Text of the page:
The weather is turning cooler, the afternoons are getting darker, and I suddenly find myself craving flavored lattes – those embarrassingly delicious abominations from Starbucks layered with whipped cream and nutmeg. No other time of year would I think about pumpkin or gingerbread-flavored coffee as a must-have or even a must-maybe. It’s October in New England and I’m in a full-blown fall mania with predictably gratuitous images of manicured leaf piles exploding with color, Golden Retrievers chasing waterfowl through landscaped marshes, overflowing baskets of Botero shaped pumpkins, apples, and gourds, and all of them covered in Scotch Plaid flannel.
It goes without saying that I am a prime candidate for an L.L. Bean-inspired seasonal Bipolar disorder. I had the same weather-induced hallucinations throughout my four Northern Colorado summers. I imagined clambakes and bonfires on white sandy beaches with my tanned and casual family. We would sail and swim, and open the shutters on our summer cottage somewhere on the coast of Maine. The kids would collect pails of sand dollars and wear rope bracelets that would have to be hacked off at Christmas. Our Golden Retriever would retrieve.
All of these images became my perfect idea of New England. And all of them were completely devoid of how I actually spent my thirty-four years in New England. Years spent grumbling about how cold and dark it was getting in the fall; winters spent prying frozen contact lenses from my eyeballs; spring spent worrying about the upcoming bathing suit season; and summers spent sweating in the humidity and treating second-degree sunburns in a desperate attempt to look good in white. Don’t get me wrong. I truly love the four seasons of New England, but I had allowed the 2,000 plus miles put between us to distort my memories of them.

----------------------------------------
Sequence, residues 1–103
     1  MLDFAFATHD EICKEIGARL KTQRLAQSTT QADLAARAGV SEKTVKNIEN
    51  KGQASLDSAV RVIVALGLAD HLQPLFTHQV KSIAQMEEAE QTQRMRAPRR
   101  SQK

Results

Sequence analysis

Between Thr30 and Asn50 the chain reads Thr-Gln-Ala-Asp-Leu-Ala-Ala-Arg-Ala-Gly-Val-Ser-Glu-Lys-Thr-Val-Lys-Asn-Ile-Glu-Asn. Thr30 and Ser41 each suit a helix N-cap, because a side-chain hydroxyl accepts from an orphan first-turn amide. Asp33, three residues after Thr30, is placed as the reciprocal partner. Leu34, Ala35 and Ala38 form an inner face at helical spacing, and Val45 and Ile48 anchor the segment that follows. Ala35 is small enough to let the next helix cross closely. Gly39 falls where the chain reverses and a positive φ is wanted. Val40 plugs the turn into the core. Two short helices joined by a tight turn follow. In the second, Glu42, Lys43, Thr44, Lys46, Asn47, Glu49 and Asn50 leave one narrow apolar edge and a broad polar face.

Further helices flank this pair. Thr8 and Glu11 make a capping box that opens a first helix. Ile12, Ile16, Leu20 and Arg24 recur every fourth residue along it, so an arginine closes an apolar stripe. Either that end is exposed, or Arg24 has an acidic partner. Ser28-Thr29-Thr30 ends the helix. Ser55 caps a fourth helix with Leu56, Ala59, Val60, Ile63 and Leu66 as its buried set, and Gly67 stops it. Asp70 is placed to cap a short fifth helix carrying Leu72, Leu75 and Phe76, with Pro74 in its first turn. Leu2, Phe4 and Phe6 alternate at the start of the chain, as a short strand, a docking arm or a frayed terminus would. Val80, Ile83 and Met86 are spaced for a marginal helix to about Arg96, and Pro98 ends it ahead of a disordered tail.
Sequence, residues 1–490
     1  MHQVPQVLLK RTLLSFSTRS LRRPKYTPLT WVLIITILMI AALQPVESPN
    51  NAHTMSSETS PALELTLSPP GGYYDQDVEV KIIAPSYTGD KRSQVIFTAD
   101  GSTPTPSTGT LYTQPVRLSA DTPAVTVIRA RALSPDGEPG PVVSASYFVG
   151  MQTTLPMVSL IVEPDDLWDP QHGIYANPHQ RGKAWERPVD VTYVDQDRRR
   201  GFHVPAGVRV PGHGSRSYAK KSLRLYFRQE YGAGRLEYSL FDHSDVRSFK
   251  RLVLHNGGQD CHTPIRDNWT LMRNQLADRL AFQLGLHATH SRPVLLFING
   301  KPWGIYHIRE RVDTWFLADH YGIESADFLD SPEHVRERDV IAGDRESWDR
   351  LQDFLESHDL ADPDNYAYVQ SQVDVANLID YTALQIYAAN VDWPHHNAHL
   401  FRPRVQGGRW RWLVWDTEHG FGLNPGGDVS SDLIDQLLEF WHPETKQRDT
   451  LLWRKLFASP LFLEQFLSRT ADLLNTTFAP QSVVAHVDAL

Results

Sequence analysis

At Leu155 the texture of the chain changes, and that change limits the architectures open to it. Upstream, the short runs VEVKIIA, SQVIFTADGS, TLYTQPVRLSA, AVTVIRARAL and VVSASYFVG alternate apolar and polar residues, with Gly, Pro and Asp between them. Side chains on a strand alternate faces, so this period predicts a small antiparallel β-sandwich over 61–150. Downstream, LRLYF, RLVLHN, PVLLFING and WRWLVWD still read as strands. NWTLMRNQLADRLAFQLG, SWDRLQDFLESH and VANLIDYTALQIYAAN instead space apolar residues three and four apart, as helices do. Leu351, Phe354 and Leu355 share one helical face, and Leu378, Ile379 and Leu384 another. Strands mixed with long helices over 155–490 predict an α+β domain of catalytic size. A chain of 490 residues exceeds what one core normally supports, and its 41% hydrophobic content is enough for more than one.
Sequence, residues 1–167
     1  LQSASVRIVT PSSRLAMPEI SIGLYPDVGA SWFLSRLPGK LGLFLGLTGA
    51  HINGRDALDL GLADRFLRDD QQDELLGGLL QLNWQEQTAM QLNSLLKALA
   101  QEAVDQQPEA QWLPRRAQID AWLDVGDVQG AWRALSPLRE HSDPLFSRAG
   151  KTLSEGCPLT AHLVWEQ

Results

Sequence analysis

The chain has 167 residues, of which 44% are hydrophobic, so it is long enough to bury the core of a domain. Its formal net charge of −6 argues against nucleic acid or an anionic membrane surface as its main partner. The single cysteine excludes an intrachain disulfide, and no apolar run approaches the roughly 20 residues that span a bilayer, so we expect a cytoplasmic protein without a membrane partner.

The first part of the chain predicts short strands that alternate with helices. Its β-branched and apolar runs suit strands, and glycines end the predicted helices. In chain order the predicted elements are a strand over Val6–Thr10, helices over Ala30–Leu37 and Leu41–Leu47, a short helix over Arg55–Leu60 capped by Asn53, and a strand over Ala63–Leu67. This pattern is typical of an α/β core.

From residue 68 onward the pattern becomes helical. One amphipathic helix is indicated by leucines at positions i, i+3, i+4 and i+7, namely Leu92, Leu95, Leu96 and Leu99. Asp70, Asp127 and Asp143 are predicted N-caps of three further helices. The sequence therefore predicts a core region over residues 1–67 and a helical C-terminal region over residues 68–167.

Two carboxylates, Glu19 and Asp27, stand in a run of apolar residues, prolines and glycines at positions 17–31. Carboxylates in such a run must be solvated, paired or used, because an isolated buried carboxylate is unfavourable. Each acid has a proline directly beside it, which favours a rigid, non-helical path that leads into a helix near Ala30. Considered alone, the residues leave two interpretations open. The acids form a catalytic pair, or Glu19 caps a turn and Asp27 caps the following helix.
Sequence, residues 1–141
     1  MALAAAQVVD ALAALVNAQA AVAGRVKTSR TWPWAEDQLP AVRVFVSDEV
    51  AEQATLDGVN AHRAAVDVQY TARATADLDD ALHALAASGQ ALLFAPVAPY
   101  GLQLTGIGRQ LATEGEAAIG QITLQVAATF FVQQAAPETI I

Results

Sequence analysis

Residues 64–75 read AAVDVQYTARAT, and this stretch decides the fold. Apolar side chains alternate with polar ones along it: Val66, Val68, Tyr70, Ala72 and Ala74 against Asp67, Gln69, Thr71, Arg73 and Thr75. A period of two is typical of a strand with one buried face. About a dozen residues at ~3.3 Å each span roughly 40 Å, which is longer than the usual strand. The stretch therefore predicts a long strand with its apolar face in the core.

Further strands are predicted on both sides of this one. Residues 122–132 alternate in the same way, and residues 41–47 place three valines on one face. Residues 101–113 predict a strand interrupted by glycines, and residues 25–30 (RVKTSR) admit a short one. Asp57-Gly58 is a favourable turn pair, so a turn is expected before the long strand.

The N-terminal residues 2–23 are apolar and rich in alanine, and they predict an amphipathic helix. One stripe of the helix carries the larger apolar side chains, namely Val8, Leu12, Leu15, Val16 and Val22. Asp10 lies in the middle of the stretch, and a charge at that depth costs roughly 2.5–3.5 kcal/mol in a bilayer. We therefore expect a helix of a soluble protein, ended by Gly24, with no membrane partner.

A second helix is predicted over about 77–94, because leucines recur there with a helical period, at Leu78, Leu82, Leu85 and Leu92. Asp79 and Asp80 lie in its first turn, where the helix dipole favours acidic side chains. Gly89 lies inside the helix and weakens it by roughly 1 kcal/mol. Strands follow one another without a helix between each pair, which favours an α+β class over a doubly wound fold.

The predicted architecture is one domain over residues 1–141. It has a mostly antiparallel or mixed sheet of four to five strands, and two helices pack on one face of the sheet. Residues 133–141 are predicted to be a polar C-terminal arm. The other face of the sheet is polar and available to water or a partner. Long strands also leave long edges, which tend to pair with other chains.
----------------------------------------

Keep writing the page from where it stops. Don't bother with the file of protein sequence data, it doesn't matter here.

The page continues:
Not one to succumb to most marketing (I like to think), I had allowed myself to idealize what I saw in the pages of my beloved L.L. Bean catalogue when it arrived to announce each season – fall, in particular. Looking through those Photoshopped pages of plaid and retriever perfection I forgot what I really enjoyed about New England, and now that I’m here I have no desire to recreate anything I saw in print because it’s all too perfect. What I truly love about fall in Massachusetts is its messy and chaotic charm.
I don’t get a lump in my throat at perfectly sculpted leaf piles or by the magnificent homes of Concord festooned with sugar pumpkins and dried corn. But I do at the light breaking through the trees and onto the narrow and windy roads of the Metro West as the leaves swirl in my wake. I wax nostalgic when I see wet leaves stuck on our house, stuck on our car, and stuck on the muddy kitchen floor – red, orange, yellow and brown bits of crumbling membrane mixed with dog hair.
The pine needles that constantly get jammed under the windshield wipers, leaving a smear at each swish, make me smile in frustration. I love the smell of too long wet and soggy grass and weeds and broken sticks, and I have even grown fond of the rotting pears that pop under my feet when I trip on them and nearly twist my ankle under the ancient pear tree. The cold morning air and the rising mist over the Concord River make me positively teary eyed. I am unabashedly a Yankee and those Madison Avenue cable knit sweater hawkers no longer have a hold over me.
Now I can shift my attention to the coffee peddlers of the Pacific Northwest.